Newly appointed Silicon Valley Bridge Bank CEO Tim Mayopoulos asked customers to return some their funds into the bank.
"If you, your portfolio companies, or your firm moved funds within the past week, please consider moving some of them back as part of a secure deposit diversification strategy. We are also open for business for any new customers. We are actively opening new accounts of all sizes and making new loans," he wrote.
Mayopoulous replaced former CEO Greg Becker on Monday following the bank's collapse that triggered widespread concerns about how the tumult could spread to other regional banks. Customers rushed to yank their money out of the bank after Becker and his team revealed a bid to raise $2.25 billion in capital as well as $21 billion in asset sales last week, sparking anger among employees and helping pave the way for SVB's downfall.
The CEO also reassured customers that dispositors have access to their funds and that all deposits are protected by the FDIC, echoing his message from the day before. "
We recognize the past few days have been an extremely challenging time, and we are grateful for your patience," he wrote.
Some context: The FDIC created the SVB bridge bank to handle customers’ transferred deposits and banking services.
The Securities and Exchange Commission and the Justice Department are both in the early stages of their investigations into the collapse of Silicon Valley Bank, according to sources familiar with the matter.
Both federal agencies are looking into the bank’s failure and the actions by senior executives in the lead-up to the decision by federal regulators to shutter the lender last week, one of the sources said.
No one has been accused of any wrongdoing and the person familiar with the matter noted that investigations into a significant event like the failure of Silicon Valley Bank are common in the immediate aftermath.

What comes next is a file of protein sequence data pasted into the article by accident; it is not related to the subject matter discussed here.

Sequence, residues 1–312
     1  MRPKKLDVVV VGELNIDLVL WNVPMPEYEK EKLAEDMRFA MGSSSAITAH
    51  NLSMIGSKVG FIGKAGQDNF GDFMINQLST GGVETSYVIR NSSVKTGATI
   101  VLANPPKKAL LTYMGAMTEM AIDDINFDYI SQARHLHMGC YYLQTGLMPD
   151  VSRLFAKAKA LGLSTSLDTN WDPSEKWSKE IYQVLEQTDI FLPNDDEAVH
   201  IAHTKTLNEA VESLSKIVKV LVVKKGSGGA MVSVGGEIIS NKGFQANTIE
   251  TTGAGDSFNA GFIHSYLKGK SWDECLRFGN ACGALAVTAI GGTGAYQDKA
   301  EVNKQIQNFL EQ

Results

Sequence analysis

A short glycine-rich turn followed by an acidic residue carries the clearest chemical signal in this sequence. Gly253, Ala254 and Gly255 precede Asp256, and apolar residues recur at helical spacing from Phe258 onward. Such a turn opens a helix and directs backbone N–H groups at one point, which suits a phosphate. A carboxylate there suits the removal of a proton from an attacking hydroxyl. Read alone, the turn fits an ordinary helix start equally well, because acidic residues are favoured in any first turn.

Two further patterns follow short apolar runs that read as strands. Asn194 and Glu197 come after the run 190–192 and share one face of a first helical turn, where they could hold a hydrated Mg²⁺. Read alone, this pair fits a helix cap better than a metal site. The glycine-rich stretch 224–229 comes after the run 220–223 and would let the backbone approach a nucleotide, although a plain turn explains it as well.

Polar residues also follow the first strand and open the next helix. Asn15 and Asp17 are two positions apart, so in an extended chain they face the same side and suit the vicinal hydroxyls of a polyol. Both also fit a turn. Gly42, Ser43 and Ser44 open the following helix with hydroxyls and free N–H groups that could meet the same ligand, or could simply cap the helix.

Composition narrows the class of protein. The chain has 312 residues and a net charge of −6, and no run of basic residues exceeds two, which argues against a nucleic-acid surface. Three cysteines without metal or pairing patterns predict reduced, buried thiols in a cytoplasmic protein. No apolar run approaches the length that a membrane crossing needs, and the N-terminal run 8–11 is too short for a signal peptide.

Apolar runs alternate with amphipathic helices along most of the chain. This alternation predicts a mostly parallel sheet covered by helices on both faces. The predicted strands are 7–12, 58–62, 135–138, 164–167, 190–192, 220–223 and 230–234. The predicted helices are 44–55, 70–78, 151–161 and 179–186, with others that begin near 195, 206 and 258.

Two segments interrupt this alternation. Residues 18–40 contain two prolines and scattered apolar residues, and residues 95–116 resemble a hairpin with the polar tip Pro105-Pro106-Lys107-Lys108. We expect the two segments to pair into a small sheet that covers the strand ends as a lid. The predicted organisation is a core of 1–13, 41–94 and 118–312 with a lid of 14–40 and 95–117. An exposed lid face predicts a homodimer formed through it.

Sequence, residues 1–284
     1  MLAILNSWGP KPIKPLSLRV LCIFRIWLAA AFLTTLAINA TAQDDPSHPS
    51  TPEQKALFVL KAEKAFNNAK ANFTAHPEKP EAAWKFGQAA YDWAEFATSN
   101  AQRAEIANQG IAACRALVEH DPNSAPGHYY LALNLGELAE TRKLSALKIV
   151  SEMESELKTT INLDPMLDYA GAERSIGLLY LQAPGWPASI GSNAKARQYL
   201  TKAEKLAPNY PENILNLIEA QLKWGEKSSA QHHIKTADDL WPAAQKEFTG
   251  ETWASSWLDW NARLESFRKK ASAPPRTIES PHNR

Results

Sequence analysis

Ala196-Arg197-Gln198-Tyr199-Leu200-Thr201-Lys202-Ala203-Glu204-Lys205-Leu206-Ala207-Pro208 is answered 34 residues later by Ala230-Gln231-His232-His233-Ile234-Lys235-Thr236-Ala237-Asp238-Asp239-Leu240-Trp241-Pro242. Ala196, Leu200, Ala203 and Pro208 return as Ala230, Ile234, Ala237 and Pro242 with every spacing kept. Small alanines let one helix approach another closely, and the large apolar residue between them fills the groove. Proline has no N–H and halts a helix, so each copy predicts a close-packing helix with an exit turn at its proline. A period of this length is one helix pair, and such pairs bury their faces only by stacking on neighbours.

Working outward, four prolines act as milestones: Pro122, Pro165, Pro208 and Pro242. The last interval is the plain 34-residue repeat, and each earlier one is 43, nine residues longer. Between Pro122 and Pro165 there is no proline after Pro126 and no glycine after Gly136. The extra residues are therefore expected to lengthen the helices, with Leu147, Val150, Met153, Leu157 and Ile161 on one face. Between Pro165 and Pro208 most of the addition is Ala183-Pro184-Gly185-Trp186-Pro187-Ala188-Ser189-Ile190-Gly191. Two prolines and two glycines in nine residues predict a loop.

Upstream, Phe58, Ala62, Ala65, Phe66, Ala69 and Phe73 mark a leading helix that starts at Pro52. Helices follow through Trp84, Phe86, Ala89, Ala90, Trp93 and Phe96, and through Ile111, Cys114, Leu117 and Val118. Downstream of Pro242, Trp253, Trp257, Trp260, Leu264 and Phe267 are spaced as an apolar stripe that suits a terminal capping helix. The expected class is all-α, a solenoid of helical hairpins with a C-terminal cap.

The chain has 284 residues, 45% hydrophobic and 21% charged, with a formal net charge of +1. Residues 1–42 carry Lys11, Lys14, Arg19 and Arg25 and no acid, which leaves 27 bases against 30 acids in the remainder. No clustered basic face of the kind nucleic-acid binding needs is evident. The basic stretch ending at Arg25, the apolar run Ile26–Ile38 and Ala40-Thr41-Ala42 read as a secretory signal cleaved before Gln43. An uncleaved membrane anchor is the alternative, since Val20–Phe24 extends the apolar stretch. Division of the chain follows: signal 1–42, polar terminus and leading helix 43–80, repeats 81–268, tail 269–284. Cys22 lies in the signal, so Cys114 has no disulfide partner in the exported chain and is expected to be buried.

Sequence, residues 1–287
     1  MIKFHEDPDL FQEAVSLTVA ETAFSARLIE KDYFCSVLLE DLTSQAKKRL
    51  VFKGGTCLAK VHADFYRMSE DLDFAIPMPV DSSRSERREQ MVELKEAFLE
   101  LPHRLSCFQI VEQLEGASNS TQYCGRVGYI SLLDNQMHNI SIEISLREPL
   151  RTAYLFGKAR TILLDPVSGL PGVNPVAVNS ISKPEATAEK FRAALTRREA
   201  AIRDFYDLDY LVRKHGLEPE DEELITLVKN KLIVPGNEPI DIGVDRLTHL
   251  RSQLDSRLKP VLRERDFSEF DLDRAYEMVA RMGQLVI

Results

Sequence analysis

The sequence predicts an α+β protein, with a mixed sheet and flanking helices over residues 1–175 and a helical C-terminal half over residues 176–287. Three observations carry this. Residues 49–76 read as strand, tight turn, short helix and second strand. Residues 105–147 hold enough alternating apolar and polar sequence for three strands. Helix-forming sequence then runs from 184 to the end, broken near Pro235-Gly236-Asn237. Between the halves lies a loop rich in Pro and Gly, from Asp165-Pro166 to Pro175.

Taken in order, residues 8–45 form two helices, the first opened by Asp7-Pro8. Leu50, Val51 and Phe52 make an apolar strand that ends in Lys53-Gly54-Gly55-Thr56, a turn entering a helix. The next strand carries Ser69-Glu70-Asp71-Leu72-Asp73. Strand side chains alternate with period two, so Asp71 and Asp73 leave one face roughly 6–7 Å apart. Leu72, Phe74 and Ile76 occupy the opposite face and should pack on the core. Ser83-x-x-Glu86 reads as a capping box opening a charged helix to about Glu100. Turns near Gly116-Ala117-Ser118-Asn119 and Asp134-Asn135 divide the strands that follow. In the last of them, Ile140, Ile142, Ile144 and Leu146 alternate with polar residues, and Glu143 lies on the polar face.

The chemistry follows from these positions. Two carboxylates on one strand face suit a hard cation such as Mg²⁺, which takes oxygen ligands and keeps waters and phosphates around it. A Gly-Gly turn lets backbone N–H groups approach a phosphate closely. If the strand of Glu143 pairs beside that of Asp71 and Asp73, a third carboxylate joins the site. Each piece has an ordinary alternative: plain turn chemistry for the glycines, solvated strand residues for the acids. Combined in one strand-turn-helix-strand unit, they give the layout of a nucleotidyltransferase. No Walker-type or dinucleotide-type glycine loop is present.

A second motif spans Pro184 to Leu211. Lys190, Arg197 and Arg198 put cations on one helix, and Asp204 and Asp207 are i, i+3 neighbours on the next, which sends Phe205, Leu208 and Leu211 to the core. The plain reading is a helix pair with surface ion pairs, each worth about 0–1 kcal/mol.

SEC Chair Gary Gensler, while declining to identify any specific institution, appeared to allude to the likely step in a statement on Sunday.
“Without speaking to any individual entity or person, we will investigate and bring enforcement actions if we find violations of the federal securities laws,” Gensler said in the statement.
CNN previously reported the Justice Department probe.
CNN's Paula Reid contributed to this report.
US stocks closed higher on Tuesday, recovering some of their losses after the collapse of three banks tested markets on Monday.
While most bank stocks rallied Tuesday, the smoke hasn't cleared just yet: Moody's Investors Service slashed its outlook for the US banking sector and placed six US banks on review for potential credit rating downgrades.
Traders cheered the lack of surprises in the February Consumer Price Index inflation reading and looked ahead to Wednesday's Producer Price Index, which economists say could show a slowing in wholesale prices. Ahead of the Federal Reserve's policy meeting next week, investors are keeping a close watch for any signs that inflation is cooling.
February retail sales data is also on deck Wednesday morning, along with a homebuilders survey that should give some insight into the health of the housing market.
The Dow closed up 335 points, or 1.1%, on Tuesday.
The S&P 500 rose 1.7%.
The Nasdaq Composite gained 2.1%.
Senate Majority Leader Chuck Schumer said on Tuesday that the US banking system is stable thanks to swift action by the Biden administration, the Federal Reserve and the Federal Deposit Insurance Corporation.
“If the damage had spread across our financial system, the deposits and savings of tens of millions of families and small businesses could have been at serious risk,” Schumer said in remarks on the Senate floor.
He added that in the weeks ahead, Congress will look closely into what caused the collapse of the Silicon Valley Bank and “how we can prevent similar events in the future.”
Moody's Investors Service cut its outlook for the entire US banking sector Tuesday after placing six US banks on review for potential credit rating downgrades, in the wake of last week's collapse of Silicon Valley Bank.
The credit ratings firm said it expects more banks will be will come under pressure after SVB's failure — particularly those with large hoards of uninsured deposits and long-term Treasury bonds that have crumbled in value. Moody's said it expects pressure on the banking sector to persist as the Fed continues to hike interest rates to combat inflation.
Another concern: US banks are raising the interest rates they pay on savings accounts. Although they hope the higher rates will retain customers worried by the collapse of SVB, that could also eat into profits, Moody's warned.